Earlier this week, Rep. Paul Gosar (R–Ariz.) tweeted a parody anime video—a seemingly original take on the opening credits of the Attack on Titan series—that depicted a cartoon character with Gosar's actual face attacking and killing a monster with the face of Rep. Alexandria Ocasio-Cortez (D–N.Y.).

Twitter added a warning label to the video, noting that it violates the company's policies on "hateful conduct." Here it is:

The video portrays Gosar, Rep. Marjorie Taylor Greene (R–Ga.), Rep. Lauren Boebert (R–Colo.), and U.S. border enforcement agents as anime heroes fighting villainous illegal immigrants, President Joe Biden, and Ocasio-Cortez. It's not a very funny or clever video. The only thing amusing about it is that Gosar—a 62-year-old man—actually knows what anime is.

The identity of the video's editor is unknown, though it may be someone who works for Gosar, since he also said that "the creativity of my team is off the hook."

Needless to say, Ocasio-Cortez did not appreciate the video:

Many of her colleagues were equally disturbed by the video. Rep. Eric Swalwell (D–Calif.) described Gosar as "bloodthirsty." Rep. Ted Lieu (D–Calif.) pointed out that "in any workplace in America, if a coworker made an anime video killing another coworker, that person would be fired."

He's probably right about that. But Congress is not like other workplaces. Employees are chosen not by bosses, but by a democratic process: elections. Gosar doesn't work for an HR-conscious manager; he works for the voters of Arizona, and it's their job to boot him if they don't like his anime videos.

One can sympathize with Gosar's Democratic colleagues for being irritated with his highly unprofessional—even creepy—behavior. But House Speaker Nancy Pelosi (D–Calif.) went further than merely expressing understandable disgust with the video: She called for Gosar to face professional and legal consequences.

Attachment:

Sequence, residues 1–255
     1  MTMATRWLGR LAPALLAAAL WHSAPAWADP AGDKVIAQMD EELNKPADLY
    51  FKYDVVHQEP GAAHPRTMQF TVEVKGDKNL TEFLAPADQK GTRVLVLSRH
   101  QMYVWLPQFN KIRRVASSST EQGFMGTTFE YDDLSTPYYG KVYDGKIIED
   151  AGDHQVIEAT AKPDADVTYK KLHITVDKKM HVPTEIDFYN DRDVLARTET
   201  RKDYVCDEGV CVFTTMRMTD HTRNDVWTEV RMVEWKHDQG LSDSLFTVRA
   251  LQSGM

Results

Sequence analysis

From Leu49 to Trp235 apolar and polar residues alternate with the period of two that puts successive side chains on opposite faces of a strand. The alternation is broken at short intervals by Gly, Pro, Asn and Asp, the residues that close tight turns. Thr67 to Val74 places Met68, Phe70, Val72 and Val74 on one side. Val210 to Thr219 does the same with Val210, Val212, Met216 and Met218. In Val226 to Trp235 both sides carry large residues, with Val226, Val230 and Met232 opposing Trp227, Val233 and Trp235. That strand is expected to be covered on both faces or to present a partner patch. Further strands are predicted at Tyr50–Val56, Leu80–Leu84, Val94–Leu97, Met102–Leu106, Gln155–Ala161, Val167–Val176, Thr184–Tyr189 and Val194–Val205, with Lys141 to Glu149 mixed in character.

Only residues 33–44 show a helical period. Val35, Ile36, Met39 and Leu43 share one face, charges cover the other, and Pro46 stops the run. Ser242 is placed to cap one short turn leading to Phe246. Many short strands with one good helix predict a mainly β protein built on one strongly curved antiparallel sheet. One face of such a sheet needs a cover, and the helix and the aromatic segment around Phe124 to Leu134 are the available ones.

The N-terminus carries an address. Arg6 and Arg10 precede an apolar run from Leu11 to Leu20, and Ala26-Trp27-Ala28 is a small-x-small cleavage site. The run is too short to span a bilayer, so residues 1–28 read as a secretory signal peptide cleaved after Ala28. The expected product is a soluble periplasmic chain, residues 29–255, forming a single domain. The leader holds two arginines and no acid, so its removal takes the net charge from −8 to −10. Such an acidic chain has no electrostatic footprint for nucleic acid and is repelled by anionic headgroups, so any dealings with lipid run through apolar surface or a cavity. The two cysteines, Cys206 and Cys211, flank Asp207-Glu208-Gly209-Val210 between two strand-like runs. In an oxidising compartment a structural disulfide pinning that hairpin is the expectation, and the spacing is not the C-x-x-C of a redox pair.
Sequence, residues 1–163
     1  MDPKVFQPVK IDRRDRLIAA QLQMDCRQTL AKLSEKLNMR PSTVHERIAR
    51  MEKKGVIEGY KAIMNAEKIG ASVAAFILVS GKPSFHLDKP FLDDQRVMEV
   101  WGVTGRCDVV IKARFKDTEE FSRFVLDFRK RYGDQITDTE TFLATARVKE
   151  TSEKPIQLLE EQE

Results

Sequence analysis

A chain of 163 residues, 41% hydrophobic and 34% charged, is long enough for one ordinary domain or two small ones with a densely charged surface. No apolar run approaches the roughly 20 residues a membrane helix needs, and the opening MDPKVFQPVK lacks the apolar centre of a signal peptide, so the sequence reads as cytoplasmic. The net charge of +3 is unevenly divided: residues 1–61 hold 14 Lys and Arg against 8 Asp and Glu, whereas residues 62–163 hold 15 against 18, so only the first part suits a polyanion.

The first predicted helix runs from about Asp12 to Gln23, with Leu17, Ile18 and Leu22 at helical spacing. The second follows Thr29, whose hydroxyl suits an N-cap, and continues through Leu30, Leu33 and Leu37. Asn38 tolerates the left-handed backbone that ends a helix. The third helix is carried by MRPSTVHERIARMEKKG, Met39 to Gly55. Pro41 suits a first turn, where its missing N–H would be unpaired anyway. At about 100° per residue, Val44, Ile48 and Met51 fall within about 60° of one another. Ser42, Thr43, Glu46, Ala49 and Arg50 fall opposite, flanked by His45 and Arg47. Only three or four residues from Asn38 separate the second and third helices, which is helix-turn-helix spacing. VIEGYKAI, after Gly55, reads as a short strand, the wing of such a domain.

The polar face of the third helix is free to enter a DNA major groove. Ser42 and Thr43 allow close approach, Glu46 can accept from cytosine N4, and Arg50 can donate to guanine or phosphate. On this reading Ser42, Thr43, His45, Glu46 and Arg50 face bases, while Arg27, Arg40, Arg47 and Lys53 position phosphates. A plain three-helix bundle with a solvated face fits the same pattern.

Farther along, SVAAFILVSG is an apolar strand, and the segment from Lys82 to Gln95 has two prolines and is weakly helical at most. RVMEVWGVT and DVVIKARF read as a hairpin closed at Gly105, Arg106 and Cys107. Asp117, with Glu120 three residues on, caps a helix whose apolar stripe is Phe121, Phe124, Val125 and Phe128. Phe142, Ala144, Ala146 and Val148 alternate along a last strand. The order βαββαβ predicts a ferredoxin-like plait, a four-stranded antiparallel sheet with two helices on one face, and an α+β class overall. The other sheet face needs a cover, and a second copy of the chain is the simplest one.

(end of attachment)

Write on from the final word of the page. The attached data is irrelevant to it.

Whether Gosar's behavior violates some congressional ethics rules is one matter. But there is little doubt that the anime video constitutes First Amendment protected expression: Though it was in poor taste for Gosar to share it, he did not actually credibly threaten the lives of Biden or Ocasio-Cortez. A parody video of an anime figure vanquishing a villainous Democrat is clearly not a true threat of violence. Just as Kathy Griffin's infamous Trump head photo op was ill-advised yet completely legal, so too is Gosar's satirical tweet.

Law enforcement should make no effort to investigate the Gosar video, since the only conceivable conclusion they could reach is that it's protected speech. And the government should not—and indeed, cannot—police speech solely because it is offensive to people in power, even if the speech is, in fact, offensive.

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